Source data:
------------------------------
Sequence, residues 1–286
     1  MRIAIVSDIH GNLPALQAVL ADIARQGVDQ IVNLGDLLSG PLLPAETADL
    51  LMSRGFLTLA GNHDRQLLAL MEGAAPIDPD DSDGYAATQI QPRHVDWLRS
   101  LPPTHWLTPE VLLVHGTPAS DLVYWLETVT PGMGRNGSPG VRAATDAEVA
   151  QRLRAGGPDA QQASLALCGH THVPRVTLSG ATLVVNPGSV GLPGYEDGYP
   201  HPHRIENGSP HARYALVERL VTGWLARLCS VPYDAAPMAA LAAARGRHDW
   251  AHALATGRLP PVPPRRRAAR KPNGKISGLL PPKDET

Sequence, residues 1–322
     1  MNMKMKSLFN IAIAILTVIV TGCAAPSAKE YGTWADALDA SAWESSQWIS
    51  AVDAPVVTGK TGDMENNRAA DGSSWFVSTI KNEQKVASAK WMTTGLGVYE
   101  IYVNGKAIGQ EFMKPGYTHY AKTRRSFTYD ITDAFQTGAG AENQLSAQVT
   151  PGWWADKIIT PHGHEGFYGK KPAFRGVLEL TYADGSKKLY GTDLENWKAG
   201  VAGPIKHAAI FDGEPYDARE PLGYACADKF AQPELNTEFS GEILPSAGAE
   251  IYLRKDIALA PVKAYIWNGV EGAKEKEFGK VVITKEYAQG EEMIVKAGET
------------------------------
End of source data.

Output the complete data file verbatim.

Sequence, residues 1–286
     1  MRIAIVSDIH GNLPALQAVL ADIARQGVDQ IVNLGDLLSG PLLPAETADL
    51  LMSRGFLTLA GNHDRQLLAL MEGAAPIDPD DSDGYAATQI QPRHVDWLRS
   101  LPPTHWLTPE VLLVHGTPAS DLVYWLETVT PGMGRNGSPG VRAATDAEVA
   151  QRLRAGGPDA QQASLALCGH THVPRVTLSG ATLVVNPGSV GLPGYEDGYP
   201  HPHRIENGSP HARYALVERL VTGWLARLCS VPYDAAPMAA LAAARGRHDW
   251  AHALATGRLP PVPPRRRAAR KPNGKISGLL PPKDET

Sequence, residues 1–322
     1  MNMKMKSLFN IAIAILTVIV TGCAAPSAKE YGTWADALDA SAWESSQWIS
    51  AVDAPVVTGK TGDMENNRAA DGSSWFVSTI KNEQKVASAK WMTTGLGVYE
   101  IYVNGKAIGQ EFMKPGYTHY AKTRRSFTYD ITDAFQTGAG AENQLSAQVT
   151  PGWWADKIIT PHGHEGFYGK KPAFRGVLEL TYADGSKKLY GTDLENWKAG
   201  VAGPIKHAAI FDGEPYDARE PLGYACADKF AQPELNTEFS GEILPSAGAE
   251  IYLRKDIALA PVKAYIWNGV EGAKEKEFGK VVITKEYAQG EEMIVKAGET